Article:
First Kentucky Landfill Gas Projects Approved

East Kentucky Power Cooperative (EKPC) was granted final approval to proceed with construction of Kentucky’s first plants to produce electric power from decaying municipal trash. At most landfills in Kentucky, gas emitted by decaying trash is emitted directly into the atmosphere, but the new plants will tap this renewable resource to make a useful product.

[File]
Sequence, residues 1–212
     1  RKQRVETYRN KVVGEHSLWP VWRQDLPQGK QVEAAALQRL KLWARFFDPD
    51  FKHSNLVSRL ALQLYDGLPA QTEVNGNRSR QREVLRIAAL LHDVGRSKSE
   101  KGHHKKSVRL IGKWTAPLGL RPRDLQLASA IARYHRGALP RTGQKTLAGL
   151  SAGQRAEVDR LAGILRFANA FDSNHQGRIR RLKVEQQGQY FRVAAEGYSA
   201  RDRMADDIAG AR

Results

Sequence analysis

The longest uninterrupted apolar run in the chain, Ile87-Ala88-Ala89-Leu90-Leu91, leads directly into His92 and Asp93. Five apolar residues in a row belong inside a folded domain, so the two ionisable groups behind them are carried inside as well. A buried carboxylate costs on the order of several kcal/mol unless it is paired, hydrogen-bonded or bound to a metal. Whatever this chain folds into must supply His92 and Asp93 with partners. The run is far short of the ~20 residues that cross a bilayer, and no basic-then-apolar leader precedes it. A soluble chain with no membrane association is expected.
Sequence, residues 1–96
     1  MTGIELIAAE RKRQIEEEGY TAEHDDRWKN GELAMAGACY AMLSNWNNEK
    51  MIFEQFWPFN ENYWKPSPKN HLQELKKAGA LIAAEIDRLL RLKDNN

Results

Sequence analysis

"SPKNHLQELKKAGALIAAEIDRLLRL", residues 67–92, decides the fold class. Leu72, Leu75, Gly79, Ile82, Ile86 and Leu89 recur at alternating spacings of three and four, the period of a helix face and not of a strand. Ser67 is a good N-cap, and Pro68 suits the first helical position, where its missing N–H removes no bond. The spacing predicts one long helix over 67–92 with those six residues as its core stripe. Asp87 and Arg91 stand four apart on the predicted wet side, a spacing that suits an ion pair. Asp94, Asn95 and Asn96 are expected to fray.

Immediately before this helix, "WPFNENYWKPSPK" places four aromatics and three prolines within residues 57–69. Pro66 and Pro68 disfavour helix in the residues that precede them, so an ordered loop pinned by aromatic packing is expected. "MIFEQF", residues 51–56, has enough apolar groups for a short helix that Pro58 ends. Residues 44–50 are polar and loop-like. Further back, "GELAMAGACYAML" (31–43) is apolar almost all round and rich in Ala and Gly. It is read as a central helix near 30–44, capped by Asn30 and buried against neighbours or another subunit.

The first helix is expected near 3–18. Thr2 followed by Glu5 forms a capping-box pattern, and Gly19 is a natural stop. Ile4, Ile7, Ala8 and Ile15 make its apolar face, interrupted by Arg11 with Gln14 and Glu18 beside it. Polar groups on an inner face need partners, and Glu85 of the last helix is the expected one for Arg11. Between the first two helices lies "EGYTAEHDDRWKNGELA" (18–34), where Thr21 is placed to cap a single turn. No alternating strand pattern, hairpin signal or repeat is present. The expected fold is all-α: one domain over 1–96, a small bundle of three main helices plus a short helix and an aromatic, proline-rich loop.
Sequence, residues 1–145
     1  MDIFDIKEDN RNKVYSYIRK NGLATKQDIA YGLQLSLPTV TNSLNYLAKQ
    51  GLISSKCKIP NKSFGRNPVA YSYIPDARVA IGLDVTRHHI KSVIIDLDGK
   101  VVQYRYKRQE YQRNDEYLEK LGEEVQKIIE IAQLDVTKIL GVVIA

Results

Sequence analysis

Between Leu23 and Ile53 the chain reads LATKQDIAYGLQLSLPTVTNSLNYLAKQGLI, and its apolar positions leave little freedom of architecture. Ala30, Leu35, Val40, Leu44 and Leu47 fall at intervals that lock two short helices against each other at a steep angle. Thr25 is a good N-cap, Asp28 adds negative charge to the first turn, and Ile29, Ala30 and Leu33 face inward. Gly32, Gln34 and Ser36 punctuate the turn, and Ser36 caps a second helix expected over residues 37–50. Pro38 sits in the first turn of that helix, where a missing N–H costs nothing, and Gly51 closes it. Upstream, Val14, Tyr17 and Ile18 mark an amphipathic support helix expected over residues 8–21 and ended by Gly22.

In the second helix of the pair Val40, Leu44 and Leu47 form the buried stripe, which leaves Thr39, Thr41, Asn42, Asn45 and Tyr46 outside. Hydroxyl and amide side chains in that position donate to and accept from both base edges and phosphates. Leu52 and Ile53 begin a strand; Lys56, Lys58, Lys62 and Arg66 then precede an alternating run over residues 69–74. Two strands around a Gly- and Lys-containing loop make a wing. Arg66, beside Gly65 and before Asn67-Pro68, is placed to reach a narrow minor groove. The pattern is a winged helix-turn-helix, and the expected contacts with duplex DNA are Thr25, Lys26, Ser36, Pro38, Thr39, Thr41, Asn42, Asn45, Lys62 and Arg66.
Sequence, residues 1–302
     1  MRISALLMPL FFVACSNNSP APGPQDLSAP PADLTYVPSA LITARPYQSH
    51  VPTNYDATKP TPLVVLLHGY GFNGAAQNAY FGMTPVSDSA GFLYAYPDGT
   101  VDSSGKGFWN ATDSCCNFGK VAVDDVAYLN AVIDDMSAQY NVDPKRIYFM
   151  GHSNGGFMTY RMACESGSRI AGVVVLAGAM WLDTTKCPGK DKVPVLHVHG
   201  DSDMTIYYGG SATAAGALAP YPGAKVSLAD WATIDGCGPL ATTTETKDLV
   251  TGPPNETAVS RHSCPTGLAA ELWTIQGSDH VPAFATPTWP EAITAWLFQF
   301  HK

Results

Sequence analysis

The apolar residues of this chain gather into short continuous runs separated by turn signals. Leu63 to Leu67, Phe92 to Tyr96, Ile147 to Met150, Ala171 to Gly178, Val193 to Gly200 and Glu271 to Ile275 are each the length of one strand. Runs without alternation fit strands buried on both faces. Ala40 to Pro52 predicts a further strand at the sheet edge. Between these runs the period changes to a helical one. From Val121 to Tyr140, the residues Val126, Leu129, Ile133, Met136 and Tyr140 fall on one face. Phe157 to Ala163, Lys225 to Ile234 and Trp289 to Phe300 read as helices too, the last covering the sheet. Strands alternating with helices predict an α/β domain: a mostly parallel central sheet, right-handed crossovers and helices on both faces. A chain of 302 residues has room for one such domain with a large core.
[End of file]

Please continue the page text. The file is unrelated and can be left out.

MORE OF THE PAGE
Winchester, Kentucky – May 15, 2003 [SolarAccess.com] By the fall of 2003, three such plants are scheduled to begin producing a total of around 10 MW of power by tapping methane that is emitted at three landfills. That is enough electric to power supply the homes of almost two cities the size of Shelbyville, and will make EKPC one of the leaders in green power among electric utilities in the Southeastern United States. Each of the US$4 million plants will be around 5,000 square feet. The Kentucky Public Service Commission granted its approval after a review of information supplied by EKPC, and the Kentucky Division of Air issued air permits for the three projects. The plants will be built at the Bavarian Landfill in Boone County, the Laurel Ridge Landfill in Laurel County and the Green Valley Landfill in Greenup County. “We’re extremely pleased that regulators have agreed with our position that these projects make good business sense and they are good for the environment,” said EKPC CEO Roy Palk. “We will be taking a naturally occurring waste product and making affordable electric power.” The first plant to be constructed will be at the Bavarian Landfill in Walton, Ky. with an anticipated completion date of late summer 2003. A second plant will be built at the Green Valley Landfill with a scheduled completion date by the end of September 2003. A third plant is scheduled for the Laurel Ridge Landfill near London, which also should be completed by the end of September. Green Valley and Bavarian are designed to produce up to 3.2 MW of electricity, while Laurel Ridge will produce 4 MW. “Landfill gas is a clean and renewable source of energy,” Palk said. “Providing this to our member distribution cooperatives fits with our commitment to be environmentally responsible. The customers of our member cooperatives have asked for this, and it’s the right thing to do.” At least four electric cooperatives will sell the output from the plants to retail customers through a program called EnviroWatts. Owen Electric Cooperative, which supplies electricity to nine Northern Kentucky counties , was the first Kentucky co-op to offer green power to customers. EnviroWatts began after Owen Electric received inquiries from Toyota Motor Manufacturing about supplying green power to its North American headquarters, located in Erlanger. Toyota is purchasing enough renewable power from Owen Electric to supply a significant portion of the energy for its laboratory on the headquarters campus. Of the 6,000 landfills across the U.S., there are about 340 with landfill gas-to-electric projects currently in operation. The Environmental Protection Agency estimates as many as 500 additional landfills could cost effectively tap methane as an energy source, producing enough electricity to power one million homes across the country.
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